To sip a glass of champagne (or two), follow in my footsteps, and head to the famed region where it’s produced, the delightful, French city of Reims. Only an hour by train from Paris, this unofficial capital of the champagne wine-growing region, is home to many of the top champagne houses, as well as the famous Cathédrale Notre-Dame de Reims where French kings were crowned for over 1,000 years.
The House of Veuve Clicquot
For a thoroughly regal experience to embark on your champagne tastings, do yourself a favor and stay at Domaine Les Crayères. The castle named for the region’s chalk cellars (or crayères) dates back to 1904 and was once the house of the De Polignac family. From here, it’s a short stroll to some of the region’s top champagne houses. Like the famed Veuve Clicquot cellars where you can enjoy tastings of their iconic cuvée, Brut Carte Jaune plus a vintage cuvée.
Established in 1772, the champagne house was taken over by Madame Clicquot following the founder’s untimely death, who changed the name to Veuve Clicquot-Ponsardin – translated to Widow of Clicquot. It was Madame Clicquot – known to have said “If in the search of perfection, we must take two steps at a time, I do believe that we should not be content in only taking one.” – who also invented the riddling table to improve the wine’s clarification and get crystal clear champagne while speeding up production. The creation of rose champagne is also credited to this bold woman.
Take a drive to the vines of their distinguished La Grande Dame for a taste of Veuve Clicquot’s prestige cuvee and a look at the property where equally illustrious events take place.
The House of Ruinart
Another premium champagne house not to miss is Ruinart. Started by Nicholas Ruinart in 1729, this was the first champagne-producing company to open its doors in Reims. A visit to Maison Ruinart’s ancient white chalk quarries that compose the cellars, is an experience in both history and art. A UNESCO World Heritage Site, set in the heart of the crayères, the artist duo Mouawad Laurier has created a visual and sound experience, combining art, sustainable development, and artificial intelligence. Once you taste Ruinart’s Blanc de Blancs made of Chardonnay grapes and harvested from the Côte des Blancs and Montagne de Reims terroirs, you’ll see why a visit to this celebrated champagne house is worth traveling for.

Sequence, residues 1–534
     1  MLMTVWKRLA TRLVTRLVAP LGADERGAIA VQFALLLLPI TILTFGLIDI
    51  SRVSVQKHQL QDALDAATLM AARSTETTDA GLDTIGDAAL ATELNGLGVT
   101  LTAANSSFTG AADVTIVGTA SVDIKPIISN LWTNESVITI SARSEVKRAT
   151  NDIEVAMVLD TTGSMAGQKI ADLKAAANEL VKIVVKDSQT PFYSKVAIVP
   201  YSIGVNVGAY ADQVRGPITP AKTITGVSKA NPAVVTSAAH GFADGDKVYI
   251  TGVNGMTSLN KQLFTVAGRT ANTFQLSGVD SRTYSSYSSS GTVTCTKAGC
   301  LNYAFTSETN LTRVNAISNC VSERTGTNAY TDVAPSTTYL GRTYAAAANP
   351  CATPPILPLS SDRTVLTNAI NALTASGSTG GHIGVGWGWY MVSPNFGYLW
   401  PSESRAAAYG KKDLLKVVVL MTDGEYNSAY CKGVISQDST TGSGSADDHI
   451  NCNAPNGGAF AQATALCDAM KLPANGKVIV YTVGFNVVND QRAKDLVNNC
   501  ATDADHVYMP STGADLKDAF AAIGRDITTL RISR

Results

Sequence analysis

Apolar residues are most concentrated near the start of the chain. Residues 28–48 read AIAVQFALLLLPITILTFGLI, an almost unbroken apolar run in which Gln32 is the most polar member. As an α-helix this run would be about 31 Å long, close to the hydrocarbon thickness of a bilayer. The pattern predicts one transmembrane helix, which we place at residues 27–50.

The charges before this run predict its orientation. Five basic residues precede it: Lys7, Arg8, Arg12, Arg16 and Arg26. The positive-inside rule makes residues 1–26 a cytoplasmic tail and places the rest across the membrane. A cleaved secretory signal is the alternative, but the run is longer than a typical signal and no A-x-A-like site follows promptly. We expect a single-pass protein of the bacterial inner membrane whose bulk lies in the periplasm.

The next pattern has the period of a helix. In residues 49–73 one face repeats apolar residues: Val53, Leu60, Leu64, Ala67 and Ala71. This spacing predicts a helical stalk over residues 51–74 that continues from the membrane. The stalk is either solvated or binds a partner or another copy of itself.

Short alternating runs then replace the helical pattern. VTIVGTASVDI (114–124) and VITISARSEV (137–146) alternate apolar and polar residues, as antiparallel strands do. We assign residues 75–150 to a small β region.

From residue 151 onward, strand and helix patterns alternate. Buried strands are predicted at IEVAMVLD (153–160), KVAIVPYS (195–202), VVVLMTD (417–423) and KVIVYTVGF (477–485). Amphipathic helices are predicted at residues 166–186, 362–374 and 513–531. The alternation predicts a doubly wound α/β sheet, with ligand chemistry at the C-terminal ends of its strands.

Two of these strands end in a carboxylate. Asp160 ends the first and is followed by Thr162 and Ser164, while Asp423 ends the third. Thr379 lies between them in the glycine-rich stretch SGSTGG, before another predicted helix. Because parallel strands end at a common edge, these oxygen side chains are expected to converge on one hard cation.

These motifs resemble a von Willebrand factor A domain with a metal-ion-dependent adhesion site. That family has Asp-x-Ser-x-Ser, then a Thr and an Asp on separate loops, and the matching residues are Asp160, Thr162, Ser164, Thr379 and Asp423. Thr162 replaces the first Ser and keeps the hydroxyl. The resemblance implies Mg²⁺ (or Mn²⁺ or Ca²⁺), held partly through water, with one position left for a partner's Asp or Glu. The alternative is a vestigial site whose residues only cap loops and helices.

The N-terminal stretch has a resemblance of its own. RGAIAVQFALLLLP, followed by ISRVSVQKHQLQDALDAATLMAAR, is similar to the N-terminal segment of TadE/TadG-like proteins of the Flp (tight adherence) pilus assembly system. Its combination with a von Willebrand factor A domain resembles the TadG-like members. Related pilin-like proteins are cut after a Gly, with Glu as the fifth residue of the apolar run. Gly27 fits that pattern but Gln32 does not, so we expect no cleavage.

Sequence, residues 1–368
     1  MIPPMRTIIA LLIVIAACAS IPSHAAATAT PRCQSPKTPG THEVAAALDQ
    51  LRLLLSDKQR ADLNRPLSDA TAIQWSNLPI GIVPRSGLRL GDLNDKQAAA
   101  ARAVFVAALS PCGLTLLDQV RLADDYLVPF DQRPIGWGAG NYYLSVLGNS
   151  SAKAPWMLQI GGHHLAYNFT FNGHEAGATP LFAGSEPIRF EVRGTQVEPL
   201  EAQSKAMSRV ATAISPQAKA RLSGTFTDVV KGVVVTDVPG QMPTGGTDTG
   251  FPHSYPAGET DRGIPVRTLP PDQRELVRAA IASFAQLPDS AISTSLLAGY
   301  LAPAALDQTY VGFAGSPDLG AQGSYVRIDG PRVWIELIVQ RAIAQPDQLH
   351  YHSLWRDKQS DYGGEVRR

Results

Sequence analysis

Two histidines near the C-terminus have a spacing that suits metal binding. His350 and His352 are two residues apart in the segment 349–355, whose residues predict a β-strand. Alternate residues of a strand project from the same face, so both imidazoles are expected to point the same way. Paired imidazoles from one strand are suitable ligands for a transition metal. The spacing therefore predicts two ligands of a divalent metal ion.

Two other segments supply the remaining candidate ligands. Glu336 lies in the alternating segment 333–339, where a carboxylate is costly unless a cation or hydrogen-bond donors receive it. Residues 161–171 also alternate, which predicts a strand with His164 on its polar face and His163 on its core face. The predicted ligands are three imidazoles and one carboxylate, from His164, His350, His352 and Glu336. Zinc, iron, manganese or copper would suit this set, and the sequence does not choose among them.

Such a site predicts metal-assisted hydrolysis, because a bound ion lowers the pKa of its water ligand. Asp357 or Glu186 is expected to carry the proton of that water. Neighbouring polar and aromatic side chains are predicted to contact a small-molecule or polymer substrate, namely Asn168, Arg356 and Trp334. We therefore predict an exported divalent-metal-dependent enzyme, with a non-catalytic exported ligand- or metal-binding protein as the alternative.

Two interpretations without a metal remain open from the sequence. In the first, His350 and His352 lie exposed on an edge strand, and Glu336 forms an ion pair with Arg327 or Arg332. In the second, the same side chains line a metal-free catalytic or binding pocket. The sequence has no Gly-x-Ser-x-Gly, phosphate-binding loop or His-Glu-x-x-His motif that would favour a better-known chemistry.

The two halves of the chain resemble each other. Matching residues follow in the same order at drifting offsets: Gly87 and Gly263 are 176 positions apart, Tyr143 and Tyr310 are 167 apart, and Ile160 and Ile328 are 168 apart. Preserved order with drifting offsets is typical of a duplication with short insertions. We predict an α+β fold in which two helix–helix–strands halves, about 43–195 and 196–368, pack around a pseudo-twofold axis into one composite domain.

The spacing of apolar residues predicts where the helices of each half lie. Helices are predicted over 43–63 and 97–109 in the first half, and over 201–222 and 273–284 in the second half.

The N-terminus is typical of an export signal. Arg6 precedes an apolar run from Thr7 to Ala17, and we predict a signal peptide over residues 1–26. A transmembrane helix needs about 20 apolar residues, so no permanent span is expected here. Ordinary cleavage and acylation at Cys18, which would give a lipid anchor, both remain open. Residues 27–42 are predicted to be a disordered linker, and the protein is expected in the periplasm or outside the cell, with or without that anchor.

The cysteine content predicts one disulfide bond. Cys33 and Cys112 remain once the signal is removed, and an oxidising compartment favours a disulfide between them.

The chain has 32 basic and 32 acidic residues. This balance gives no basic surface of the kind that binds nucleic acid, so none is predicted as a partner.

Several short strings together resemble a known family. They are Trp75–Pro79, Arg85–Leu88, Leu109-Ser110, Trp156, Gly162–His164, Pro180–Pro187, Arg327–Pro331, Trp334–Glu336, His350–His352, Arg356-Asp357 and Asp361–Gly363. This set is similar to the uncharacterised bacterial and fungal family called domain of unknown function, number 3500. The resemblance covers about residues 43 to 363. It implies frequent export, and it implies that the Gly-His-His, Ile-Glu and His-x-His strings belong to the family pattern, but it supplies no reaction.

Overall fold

In addition to drinking all that delicious bubbly, be sure to see all of the art that is omnipresent in various forms throughout the Maison, from sculptures in the garden to mixed media in the hallways and paintings in the tasting rooms. Even their latest innovative paper packaging, a step deeper towards their commitment to sustainability, can be considered a form of art.
Stay in a Historic Castle
Stepping onto Domaine Les Crayères’ vast terrace looking over a lush seven-hectare park makes you forget you are indeed in a city. Though there’s no mistaking you’re in the iconic Reims champagne region when you enter the castle-style hotel bar and lounge where red and green hues set a romantic mood and there are over 600 champagne options to choose from. How does one choose? With only 20 rooms and suites, each one decadently dressed in Belle Epoque furnishings and richly printed upholstery, this five-star hotel evokes visions of Versailles when entering the opulent salons filled with antiques and historic oil paintings. While its more discreet dining rooms invite into a gourmet experience helmed by Chef Philippe Mille. Here at two-Michelin-starred restaurant Le Parc regional tastes combine with the chef’s signature twist to create a multi-course tasting menu that won’t soon be forgotten. Even breakfast is a ceremonial affair with freshly baked pastries, homemade spreads, and polished silverware. For a more casual meal at the creative whims of Phillipe Mille, the neighboring brasserie Le Jardin sets an appetizingly modern scene. No matter which gastronomy option you go for, you can be assured that every meal is washed down with the finest glass of French champagne. We’ll drink to that.